They All Died Screaming: Kristopher Triana
Reviewed By Ben Walker
Coming across like a hyperviolent, apocalyptic blend of Street Trash and an Edward Lee story, Kristopher Triana’s They All Died Screaming might seem like it spoils its own plot based on the title. Scratch the surface though, and there’s a deep well of humanity to be found amidst the chaos and carnage.
Now yes, this involves a pandemic so you might think to yourself “too soon”, but this was actually written pre-Covid, and it’s more of a zombie/infected situation than anything. Any unlucky souls afflicted with the mysterious Scream yell themselves hoarse while also becoming incredibly violent. The main narrative involves a sleazy guy called Chuck and his ragtag group of drinking buddies/acquaintances dealing with the gradual onset of The Scream in their neighbourhood, alongside a second narrative involving a young boy’s abduction by a nameless character, who forces the lad to work on a pig farm which also houses…less typical livestock.
This dual-narrative approach lends what could have been a standard “infected people run riot / the world is doomed” scenario a much tenser edge, as you’re left to wonder what the captured boy and this man have to do with the global crisis, untouched as they appear by the effects of The Scream. The farm scenes give off heavy Edward Lee vibes, from the country dialects to the degradation of humanity, all presented in a very matter-of-fact way. Violence and perversion on the farm is almost casual, a way of life for the nameless man. It’s often shocking and sometimes painfully sad, as you see a young person’s childhood gradually twisted into something else.
The city scenes with Chuck and his gang offer little in the way of relief, with peculiar sex practices giving way to existential crises, and horrendous violence inflicted on all manner of people, from the very old to the very young. As such it won’t be to everyone’s tastes, but offsetting the off-putting is some massively impressive character work, constantly subverting your expectations as motivations and secrets are revealed at just the right moments. Every character is given a chance to reveal more about themselves, with some modern issues surrounding sexuality and gender identity brought respectfully into play. There are more than a few death-bed confessions here, some of which shock and some of which flip your expectations in an intriguing, often tragically moving way.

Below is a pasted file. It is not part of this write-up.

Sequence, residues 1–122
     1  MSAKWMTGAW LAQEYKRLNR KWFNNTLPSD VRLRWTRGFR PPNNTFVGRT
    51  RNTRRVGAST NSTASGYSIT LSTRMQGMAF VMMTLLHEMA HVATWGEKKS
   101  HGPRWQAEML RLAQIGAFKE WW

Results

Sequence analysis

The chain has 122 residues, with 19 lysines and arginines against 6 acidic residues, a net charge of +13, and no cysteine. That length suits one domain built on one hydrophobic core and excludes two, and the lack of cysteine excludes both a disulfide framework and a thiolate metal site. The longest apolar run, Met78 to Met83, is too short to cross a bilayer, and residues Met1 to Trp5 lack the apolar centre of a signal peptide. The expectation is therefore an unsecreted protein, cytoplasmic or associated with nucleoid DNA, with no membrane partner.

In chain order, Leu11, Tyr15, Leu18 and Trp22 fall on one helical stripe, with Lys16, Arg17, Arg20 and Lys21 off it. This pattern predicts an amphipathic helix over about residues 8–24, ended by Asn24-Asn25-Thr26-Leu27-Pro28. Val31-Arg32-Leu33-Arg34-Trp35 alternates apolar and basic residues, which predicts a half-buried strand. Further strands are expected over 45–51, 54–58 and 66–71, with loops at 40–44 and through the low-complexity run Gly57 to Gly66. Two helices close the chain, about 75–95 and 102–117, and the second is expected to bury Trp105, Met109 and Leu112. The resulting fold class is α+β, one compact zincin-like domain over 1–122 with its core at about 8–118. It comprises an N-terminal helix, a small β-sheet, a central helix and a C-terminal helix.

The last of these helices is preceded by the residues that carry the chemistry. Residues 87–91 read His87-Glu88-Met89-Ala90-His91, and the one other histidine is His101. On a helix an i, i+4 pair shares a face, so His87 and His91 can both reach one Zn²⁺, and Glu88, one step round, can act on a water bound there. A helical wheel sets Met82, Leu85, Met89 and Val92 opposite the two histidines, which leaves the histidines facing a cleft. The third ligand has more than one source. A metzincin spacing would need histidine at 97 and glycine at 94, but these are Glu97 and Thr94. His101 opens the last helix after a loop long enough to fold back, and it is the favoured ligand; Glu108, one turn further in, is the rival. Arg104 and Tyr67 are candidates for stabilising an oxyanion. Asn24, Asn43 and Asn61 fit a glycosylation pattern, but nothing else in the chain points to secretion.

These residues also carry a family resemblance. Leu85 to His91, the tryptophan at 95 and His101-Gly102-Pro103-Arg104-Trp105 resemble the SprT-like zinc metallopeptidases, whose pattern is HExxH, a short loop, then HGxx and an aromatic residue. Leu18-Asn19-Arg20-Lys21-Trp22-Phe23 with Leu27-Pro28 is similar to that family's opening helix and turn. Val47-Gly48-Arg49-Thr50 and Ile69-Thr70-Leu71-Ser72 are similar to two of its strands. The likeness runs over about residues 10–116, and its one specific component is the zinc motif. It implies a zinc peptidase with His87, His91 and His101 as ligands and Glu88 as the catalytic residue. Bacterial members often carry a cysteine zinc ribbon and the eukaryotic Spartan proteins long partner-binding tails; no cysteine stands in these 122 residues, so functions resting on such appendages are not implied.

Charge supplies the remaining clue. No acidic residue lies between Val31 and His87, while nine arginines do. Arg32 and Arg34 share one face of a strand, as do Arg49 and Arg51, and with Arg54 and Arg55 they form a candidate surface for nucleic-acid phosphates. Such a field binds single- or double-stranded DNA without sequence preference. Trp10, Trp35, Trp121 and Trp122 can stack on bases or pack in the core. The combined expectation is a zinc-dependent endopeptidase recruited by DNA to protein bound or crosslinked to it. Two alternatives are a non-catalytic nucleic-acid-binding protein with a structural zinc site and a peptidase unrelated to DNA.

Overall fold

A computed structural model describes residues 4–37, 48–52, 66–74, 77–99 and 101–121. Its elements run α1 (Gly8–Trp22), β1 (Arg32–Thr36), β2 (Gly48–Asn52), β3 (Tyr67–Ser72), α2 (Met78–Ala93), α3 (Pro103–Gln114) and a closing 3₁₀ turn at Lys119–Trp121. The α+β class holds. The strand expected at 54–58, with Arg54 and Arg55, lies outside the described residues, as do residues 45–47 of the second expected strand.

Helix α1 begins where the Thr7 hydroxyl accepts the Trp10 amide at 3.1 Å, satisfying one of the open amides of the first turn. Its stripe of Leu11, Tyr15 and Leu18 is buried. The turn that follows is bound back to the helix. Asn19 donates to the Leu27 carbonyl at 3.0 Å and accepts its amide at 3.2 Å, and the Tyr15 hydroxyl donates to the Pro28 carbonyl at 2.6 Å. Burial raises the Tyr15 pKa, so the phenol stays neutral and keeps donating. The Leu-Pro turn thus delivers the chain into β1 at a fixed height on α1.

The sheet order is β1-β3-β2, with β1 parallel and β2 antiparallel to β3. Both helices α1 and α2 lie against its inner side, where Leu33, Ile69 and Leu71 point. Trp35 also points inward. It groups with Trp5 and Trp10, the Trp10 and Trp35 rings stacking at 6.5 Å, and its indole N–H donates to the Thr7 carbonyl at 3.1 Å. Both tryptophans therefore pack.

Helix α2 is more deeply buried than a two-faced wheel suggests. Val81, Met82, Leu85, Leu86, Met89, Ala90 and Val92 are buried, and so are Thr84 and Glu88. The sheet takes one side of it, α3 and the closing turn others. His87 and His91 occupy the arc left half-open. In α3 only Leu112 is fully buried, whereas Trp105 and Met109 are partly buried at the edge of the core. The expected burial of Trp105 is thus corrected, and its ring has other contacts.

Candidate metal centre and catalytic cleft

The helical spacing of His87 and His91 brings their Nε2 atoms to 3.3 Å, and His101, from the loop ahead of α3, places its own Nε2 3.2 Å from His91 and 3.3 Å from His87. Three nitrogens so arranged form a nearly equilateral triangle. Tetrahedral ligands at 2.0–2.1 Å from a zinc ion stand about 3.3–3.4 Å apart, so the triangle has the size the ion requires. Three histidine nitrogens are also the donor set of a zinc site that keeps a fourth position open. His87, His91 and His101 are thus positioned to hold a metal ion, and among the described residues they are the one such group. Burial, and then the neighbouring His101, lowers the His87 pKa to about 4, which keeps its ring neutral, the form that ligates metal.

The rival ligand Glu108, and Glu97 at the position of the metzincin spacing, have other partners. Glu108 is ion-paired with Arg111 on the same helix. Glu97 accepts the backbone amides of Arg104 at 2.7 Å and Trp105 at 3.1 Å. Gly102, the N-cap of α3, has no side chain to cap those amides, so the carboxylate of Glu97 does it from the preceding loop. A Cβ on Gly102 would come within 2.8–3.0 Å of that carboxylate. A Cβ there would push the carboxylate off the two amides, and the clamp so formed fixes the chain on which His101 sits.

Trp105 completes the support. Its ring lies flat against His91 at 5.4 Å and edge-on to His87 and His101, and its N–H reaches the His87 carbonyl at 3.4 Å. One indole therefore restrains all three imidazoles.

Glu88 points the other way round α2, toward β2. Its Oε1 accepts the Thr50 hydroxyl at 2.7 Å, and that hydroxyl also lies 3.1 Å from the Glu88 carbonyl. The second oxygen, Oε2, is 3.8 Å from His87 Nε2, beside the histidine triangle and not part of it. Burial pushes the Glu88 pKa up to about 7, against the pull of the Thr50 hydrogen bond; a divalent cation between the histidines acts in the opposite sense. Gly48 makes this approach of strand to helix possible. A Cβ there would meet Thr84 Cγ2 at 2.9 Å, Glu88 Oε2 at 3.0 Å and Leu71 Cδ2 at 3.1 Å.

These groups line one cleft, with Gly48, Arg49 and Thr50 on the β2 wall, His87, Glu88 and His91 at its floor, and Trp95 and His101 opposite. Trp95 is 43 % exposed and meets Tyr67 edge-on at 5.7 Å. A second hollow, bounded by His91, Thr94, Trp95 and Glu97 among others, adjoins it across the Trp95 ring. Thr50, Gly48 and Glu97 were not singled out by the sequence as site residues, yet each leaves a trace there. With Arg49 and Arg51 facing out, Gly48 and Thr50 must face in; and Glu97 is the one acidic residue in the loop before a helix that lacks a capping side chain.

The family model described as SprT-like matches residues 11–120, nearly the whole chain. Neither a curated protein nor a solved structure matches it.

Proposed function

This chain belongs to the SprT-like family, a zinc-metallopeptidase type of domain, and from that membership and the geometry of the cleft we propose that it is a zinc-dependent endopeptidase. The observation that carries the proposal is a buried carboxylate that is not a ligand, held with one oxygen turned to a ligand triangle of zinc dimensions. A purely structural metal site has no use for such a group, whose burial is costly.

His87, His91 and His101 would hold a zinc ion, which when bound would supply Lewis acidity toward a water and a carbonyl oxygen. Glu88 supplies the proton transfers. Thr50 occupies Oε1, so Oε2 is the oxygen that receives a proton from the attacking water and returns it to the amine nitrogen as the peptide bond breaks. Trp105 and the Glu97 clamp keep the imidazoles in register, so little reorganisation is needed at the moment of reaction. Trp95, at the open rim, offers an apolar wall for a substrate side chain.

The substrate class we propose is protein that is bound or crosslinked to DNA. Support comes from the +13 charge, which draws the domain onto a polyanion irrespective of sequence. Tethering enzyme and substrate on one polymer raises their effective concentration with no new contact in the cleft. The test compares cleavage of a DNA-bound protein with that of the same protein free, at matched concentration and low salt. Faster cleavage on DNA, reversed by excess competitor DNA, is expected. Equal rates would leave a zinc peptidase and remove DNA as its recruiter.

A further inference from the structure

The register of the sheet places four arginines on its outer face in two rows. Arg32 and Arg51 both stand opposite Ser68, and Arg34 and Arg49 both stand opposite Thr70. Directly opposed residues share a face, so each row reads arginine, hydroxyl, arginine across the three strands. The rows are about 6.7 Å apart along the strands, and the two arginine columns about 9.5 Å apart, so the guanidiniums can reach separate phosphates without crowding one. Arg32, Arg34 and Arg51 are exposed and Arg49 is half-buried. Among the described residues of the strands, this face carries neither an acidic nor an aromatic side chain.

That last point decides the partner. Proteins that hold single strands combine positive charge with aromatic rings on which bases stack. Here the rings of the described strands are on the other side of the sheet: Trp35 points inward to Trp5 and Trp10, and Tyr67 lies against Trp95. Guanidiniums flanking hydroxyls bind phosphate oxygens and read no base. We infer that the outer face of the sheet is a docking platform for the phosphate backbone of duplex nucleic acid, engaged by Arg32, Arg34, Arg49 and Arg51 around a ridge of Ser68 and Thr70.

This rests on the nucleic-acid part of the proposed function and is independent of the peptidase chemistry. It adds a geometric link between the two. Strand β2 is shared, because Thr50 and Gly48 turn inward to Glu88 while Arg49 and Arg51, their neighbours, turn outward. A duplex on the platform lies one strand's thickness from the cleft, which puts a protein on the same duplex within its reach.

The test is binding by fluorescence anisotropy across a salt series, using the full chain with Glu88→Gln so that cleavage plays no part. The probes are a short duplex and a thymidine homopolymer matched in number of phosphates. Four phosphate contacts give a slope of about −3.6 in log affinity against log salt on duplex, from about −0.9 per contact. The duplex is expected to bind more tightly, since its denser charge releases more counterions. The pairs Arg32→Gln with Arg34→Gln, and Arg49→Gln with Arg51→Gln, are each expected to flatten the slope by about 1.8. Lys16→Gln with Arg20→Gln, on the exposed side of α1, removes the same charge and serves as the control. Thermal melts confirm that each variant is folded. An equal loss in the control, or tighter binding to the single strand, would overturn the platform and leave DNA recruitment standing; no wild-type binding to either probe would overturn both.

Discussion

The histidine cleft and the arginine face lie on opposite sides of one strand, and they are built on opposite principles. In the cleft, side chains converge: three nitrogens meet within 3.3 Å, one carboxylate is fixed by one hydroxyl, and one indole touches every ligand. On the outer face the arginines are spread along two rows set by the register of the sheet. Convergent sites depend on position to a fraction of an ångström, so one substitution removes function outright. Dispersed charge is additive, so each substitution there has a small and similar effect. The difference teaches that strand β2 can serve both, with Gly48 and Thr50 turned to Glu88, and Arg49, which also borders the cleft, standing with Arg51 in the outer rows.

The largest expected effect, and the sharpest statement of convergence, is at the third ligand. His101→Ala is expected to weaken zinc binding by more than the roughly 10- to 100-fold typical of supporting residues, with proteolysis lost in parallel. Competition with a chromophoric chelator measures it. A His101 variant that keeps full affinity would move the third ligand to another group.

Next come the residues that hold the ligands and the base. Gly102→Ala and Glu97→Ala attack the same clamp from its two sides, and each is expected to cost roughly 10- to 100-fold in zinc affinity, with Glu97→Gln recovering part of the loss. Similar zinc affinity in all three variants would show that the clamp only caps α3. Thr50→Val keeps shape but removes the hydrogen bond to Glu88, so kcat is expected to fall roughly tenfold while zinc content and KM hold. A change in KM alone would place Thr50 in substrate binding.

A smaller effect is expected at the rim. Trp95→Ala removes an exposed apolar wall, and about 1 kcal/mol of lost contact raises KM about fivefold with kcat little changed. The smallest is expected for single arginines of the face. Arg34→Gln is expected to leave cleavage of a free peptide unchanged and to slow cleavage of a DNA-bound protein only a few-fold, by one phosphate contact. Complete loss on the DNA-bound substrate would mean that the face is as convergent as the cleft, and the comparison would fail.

Extreme horror doesn’t come much more extreme than this, but it’s never shocking for the sake of it. It’s a story that weighs heavily on you throughout, and afterwards, thanks to its intelligent explorations of humanity and hopelessness. In other words, don’t expect to leave with a smile on your face; as brilliant as the story is, you’re going to want something comforting on hand through its grim closing chapters.
They All Died Screaming
It’s called The Scream…
Once you get it, you simply cannot stop screaming.
You can’t eat or sleep. It drives you more and more insane until you can’t stand to be alive a second longer.
When the phenomenon hits Chuck’s city, the chronically unemployed pervert joins a band of misfits to make his final stand.
Can Chuck, a bitter bartender, a dockside prostitute, a conspiracy theorist, and a homeless man find a way out of the apocalypse…
Or will they all die screaming?
They All Died Screaming is a plague novel by Splatterpunk Award-Winning author Kristopher Triana. It is a pitch black book about the lowly and downtrodden being the last people on earth.
Ben got a taste for terror after sneaking downstairs to watch The Thing from behind the sofa at age 9. He’s a big fan of extreme & bizarre horror and well as more psychological frights, and most things in between. When he’s not reading, he’s writing, and when he’s not writing he’s on Twitter @BensNotWriting or reviewing books on his YouTube channel, BLURB.